City Comptroller Scott Stringer is no stranger to politics. In fact, he has been a part of the city's political establishment for almost 30 years.

But since launching his bid for mayor in September, Stringer has sought to align himself with the Democratic Party's left flank. That much was evident at his campaign launch, held in his home neighborhood of Washington Heights where he was joined by a slate of young progressives who endorsed his candidacy on the first day.

What You Need To Know

  • Stringer has been in public office for nearly three decades

  • Prior to being Manhattan Borough President and City Comptroller, Stringer served in the State Assembly representing the Upper West Side

  • Stringer's campaign for mayor has been embraced by a broad coalition of progressive supporters

Yet Stringer's ascent into public office has had little to do with progressive politics. He was anointed into office by the local political machine and he has carefully evolved with time. Stringer hasn’t always been at the front of movements, but a sharp political calculus has delivered solid wins.

Now, as he seeks the city's highest office at a time of deep division and crisis, he's been embraced by some of the party's most prominent progressives, including State Senators Jessica Ramos and Alessandra Biaggi, in addition to several others who point to Stringer's diverse coalition of support as evidence of his progressive credentials.

Stringer wants voters to know those credentials are not new.

"We will not be intimidated by the hard work of taking on the status quo," Stringer said in a prepared speech to mark the launch of his campaign. "It's something I’ve been doing since I stood up to Shelly Silver as a young assemblyman."

He was referring to 1997. That year, vacancy decontrol was at risk and thousands of affordable apartments could soon be deregulated, opening the door for landlords to charge market rate rents or higher. Hundreds of tenant organizers loaded into buses to Albany, hoping to sway lawmakers to vote against a bill they believed would have a devastating on the city's already vulnerable housing stock.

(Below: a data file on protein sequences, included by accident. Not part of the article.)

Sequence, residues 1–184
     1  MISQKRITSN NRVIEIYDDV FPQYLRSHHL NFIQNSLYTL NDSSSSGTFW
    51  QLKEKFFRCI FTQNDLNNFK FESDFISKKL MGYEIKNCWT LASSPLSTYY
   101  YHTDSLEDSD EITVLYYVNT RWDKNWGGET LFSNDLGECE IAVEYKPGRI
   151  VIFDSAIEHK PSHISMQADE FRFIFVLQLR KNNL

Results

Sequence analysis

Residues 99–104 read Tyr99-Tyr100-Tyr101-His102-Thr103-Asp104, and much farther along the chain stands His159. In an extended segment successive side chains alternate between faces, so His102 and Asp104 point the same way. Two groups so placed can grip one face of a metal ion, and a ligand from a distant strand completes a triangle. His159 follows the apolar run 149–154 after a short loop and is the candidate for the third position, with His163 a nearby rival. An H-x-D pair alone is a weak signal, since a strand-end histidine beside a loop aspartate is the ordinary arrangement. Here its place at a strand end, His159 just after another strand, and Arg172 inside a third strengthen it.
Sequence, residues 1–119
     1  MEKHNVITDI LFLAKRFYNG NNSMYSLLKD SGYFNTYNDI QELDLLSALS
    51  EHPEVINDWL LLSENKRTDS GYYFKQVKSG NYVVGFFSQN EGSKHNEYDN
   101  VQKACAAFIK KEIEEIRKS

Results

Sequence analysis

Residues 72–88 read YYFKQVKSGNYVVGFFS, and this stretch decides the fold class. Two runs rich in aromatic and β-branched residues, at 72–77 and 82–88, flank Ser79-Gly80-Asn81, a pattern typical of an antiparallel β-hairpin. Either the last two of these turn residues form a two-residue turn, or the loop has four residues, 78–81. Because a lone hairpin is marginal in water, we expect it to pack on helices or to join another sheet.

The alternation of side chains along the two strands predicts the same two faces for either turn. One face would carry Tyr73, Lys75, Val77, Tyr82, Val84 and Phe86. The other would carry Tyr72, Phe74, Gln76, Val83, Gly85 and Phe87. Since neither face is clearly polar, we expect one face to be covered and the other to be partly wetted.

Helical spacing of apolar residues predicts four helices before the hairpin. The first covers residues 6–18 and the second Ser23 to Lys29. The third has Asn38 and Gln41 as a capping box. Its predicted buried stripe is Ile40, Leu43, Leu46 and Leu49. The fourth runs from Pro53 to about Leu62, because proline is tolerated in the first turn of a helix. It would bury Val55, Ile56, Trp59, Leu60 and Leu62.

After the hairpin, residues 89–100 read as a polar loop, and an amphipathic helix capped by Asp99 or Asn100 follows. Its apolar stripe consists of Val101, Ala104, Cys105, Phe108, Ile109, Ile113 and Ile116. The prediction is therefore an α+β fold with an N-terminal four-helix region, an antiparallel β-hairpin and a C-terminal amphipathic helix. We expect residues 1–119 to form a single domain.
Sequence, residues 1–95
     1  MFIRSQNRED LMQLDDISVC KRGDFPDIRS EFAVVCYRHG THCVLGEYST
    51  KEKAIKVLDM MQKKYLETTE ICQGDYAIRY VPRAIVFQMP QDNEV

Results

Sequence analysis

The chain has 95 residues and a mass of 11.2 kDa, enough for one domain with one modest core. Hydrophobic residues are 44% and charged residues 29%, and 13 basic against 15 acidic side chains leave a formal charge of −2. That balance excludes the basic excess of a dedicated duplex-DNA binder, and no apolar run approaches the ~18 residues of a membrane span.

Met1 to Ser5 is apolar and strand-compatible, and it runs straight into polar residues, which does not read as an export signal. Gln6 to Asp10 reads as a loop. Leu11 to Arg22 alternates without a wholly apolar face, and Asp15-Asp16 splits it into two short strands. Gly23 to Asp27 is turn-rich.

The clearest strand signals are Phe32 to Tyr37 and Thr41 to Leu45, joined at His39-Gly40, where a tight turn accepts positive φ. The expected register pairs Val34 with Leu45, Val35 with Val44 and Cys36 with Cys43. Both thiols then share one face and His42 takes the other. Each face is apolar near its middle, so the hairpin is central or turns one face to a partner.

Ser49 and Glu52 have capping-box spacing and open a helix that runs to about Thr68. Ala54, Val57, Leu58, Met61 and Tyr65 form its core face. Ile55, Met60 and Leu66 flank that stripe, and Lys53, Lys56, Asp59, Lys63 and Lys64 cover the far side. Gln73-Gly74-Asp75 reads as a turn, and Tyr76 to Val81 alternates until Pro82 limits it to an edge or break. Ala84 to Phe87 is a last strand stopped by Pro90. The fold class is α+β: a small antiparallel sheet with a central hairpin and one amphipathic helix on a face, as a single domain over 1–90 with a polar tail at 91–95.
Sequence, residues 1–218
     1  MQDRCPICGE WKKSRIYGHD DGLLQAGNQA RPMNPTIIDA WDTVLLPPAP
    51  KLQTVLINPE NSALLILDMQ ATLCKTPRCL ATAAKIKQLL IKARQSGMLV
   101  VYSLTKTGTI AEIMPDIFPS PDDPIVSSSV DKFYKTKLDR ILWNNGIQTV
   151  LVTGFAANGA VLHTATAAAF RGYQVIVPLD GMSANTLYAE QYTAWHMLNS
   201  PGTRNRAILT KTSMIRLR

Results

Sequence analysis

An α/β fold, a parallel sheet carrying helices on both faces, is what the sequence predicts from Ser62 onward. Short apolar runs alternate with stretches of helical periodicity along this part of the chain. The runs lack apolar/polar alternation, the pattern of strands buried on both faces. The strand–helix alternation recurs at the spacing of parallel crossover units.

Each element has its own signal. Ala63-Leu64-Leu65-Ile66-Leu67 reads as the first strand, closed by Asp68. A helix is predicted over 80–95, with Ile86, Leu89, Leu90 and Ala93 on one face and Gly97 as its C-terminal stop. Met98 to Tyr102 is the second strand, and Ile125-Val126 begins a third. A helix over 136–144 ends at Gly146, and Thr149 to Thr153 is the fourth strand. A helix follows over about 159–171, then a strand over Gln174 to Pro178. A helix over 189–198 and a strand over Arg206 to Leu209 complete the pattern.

Larry Wood, director of organizing at Goddard Riverside, was among the many advocates who traveled to the capitol. He had gotten to know Stringer as they both worked on issues related to housing policy.

"Scott was the only member of the state assembly who voted no and he did so bucking Sheldon Silver, who was a very powerful leader in the Assembly," Wood told NY1. "He listened in my mind, I always felt he was very progressive on these issues."

So it's been a careful balance for the seasoned politician since then. Despite his veteran status, he has tried to appear new, surrounding himself with energy from the left and even in some cases, he has embraced their demands.

Jonathan Westin, director of NY Communities for Change — a coalition which supports progressive policies and advocates on behalf of working families — said Stringer was willing to take a pledge to no longer accept real estate donations, a request they make before deciding to endorse public officials. Although the group has yet to make an official endorsement, Westin pointed to the change as evidence that Stringer is willing to support their policies.

"We pushed Scott to do that, he took our pledge to not take money from real estate executives and landlords," Westin said.

Stringer only stopped taking real estate donations recently. He did not return what he collected in recent years, so thousands of dollars in real estate donations have helped to grow his $8 million war chest.

The Stringer campaign for their part point to a long established record: In 1996 he introduced a bill to rescind tax cuts for the rich; in 1999 he voted against a plan to eliminate the NYC commuter tax; in 1995 he spent the night sleeping behind the capitol to bring attention to proposed welfare cuts, saying it would increase homelessness.

When asked about his record, Stringer stresses experience.

"I'm not sure this is the time for a mayor with training wheels. We need management skills and government experience," Stringer said at a recent mayoral forum held via Zoom.

Former City Council Speaker Melissa Mark-Viverito, who has not endorsed a candidate in the race, says some of the skepticism given Stringer's long time in politics is fair.

"He's been in politics or elected office for many years, so yeah that criticism is out there," Mark-Viverito said. "When you have to navigate in a very complicated political reality, which is the city of New York, you have to learn how to be effective in that reality without compromising your ideals and your values."

Stringer has a few months to prove if he's the progressive champion he claims to be, or just a master political tactician. The only true test of those values could come only if he ever runs City Hall.